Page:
1 Gaultier Lodge Entrance Front © lvbmag.com Stuart Blakley

2 Gaultier Lodge Beach Front © lvbmag.com Stuart Blakley

1 Gaultier Lodge Beach Front © lvbmag.com Stuart Blakley

Gaultier Lodge from the Beach © lvbmag.com Stuart Blakley

Gaultier Lodge Driveway © lvbmag.com Stuart Blakley

1 Gaultier Lodge Garden © lvbmag.com Stuart Blakley

Gaultier Lodge Garden © lvbmag.com Stuart Blakley

Gaultier Lodge Beach © lvbmag.com Stuart Blakley

Gaultier Lodge Bedroom View © lvbmag.com Stuart Blakley

Gaultier Lodge View © lvbmag.com Stuart Blakley

“Historic houses are like horses,” declares Sheila. “They’re expensive to run!” That hasn’t stopped the Baglianis buying another one on the opposite side of Ireland. “Castle ffrench was the home of Percy French. Maurice Craig compares it to Bonnettstown in his book Classic Irish Houses of the Middling Sizes. All the original furniture was sold but we’ve bought suitable pieces, many from the US.” Sheila and Bill also own a stud in North Carolina, suitably called Castle French Farm.

Gaultier Lodge Entrance Hall © lvbmag.com Stuart Blakley

The fire roars. Frequently read books on the country and houses and country houses and country house owners and lovers of country houses and country house owners’ lovers pile high on occasional tables. “When I used to go to Mount Juliet, it was just like the famous Colman’s Mustard advert, where the butler is sent back from the hunt to get mustard for a guest’s sandwich. The butler really did cater to every whim,” recalls Sheila. Bats noiselessly swoop in eternal graceless circles across the lawn while inside dinner is attentively served. Red onion and goat’s cheese tart is followed by monkfish with salad on the side, an American touch. The hallmark of Gaultier Lodge cooking is fresh country produce, layered with taste, such as the carrots soaked in butter and citrus. Gin and tonic sorbet – what’s not to love? Pudding is Italian carrot cake “baked with ground almond instead of flour to make it lighter”.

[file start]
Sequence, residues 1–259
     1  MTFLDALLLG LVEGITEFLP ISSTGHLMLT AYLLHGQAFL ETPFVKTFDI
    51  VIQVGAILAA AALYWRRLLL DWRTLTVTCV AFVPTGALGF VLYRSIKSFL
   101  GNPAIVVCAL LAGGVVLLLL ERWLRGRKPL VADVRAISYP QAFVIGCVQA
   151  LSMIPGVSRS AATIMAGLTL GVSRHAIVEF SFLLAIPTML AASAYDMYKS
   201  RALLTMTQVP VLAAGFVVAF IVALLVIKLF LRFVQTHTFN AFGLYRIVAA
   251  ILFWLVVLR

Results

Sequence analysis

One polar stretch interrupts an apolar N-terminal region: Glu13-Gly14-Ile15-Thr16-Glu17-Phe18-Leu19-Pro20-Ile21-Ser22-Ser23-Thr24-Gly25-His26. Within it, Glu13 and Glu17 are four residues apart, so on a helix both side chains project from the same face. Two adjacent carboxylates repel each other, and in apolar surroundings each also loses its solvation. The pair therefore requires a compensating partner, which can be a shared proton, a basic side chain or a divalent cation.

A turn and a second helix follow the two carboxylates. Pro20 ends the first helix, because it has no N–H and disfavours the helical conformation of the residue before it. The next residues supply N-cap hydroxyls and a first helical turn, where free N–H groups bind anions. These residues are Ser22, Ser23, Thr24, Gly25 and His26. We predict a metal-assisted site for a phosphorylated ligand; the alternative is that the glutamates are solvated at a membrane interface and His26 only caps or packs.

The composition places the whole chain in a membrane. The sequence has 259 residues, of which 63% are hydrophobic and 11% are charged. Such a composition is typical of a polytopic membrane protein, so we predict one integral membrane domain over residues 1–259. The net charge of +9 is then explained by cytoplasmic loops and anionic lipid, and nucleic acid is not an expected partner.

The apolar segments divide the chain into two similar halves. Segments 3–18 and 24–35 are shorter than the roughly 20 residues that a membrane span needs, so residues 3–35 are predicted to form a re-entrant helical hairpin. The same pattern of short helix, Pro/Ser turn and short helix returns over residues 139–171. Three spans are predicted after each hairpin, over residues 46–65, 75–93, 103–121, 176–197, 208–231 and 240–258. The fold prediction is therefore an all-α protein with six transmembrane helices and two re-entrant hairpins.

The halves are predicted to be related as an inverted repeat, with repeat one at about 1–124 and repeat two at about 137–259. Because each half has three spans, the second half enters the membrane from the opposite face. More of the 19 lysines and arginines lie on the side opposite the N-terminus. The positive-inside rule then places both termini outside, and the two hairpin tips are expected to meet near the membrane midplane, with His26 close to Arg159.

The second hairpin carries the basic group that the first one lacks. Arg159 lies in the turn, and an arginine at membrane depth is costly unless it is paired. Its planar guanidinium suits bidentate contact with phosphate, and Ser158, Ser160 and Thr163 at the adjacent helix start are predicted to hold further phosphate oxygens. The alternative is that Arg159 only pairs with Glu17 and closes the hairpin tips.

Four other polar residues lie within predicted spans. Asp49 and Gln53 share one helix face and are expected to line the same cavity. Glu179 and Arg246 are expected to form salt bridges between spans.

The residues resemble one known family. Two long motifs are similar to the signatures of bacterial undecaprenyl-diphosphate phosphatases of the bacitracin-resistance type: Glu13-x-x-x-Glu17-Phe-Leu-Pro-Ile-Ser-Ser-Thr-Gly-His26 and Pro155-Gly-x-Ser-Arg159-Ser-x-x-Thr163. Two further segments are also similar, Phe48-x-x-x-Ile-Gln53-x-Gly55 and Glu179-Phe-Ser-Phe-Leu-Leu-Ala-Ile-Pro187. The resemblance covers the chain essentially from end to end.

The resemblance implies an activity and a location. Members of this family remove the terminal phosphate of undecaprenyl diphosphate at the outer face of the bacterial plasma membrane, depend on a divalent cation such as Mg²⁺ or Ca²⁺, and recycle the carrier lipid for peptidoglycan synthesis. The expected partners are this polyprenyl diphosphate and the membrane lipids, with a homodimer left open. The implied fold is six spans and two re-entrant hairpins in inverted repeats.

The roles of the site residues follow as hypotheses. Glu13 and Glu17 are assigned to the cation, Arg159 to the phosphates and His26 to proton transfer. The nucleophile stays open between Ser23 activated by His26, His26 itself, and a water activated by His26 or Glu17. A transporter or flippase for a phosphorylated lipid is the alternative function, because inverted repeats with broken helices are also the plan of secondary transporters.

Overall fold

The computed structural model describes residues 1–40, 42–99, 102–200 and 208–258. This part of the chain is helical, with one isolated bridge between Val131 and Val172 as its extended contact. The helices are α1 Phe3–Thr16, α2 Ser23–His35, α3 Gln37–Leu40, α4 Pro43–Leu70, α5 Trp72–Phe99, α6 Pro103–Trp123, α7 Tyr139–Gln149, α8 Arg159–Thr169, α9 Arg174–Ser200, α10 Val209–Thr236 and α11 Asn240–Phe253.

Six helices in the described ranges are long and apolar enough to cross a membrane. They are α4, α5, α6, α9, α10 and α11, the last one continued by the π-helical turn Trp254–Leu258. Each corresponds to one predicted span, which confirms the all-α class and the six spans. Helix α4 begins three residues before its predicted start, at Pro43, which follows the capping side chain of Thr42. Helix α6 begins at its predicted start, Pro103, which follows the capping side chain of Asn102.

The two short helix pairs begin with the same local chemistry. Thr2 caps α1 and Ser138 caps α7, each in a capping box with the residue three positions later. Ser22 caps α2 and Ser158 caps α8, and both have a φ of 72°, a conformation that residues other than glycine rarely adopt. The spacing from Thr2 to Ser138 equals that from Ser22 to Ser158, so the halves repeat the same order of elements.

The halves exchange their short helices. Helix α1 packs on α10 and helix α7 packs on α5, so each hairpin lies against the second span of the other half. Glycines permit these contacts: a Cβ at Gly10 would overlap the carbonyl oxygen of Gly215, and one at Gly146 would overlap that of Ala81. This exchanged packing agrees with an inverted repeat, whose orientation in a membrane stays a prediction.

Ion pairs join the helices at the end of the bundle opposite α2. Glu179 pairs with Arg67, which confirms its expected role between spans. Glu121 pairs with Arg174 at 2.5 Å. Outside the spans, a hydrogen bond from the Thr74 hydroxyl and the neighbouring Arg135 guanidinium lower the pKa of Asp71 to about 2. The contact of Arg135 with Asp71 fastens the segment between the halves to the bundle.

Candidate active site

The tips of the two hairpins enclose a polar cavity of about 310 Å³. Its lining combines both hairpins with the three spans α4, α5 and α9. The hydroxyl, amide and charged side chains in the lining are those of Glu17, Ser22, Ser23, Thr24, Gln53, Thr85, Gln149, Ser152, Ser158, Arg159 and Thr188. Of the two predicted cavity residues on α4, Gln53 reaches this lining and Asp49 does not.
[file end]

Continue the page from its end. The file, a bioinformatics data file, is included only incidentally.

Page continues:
Gaultier Lodge Cornice © lvbmag.com Stuart Blakley

Woodstown has always been famed for its decadent high end hospitality. In 1967 newly widowed Jackie Kennedy and her children Caroline and John stayed at nearby Woodstown House. The Daily Herald breathlessly reported, “Woodstown House, about seven miles from Waterford City, where the Kennedys will stay during their visit is one of the most beautiful residences in the area, known for its gracious mansions… Mrs Kennedy will occupy the main bedroom which is toned in a predominantly dark blue colour.”

Gaultier Lodge Breakfast © lvbmag.com Stuart Blakley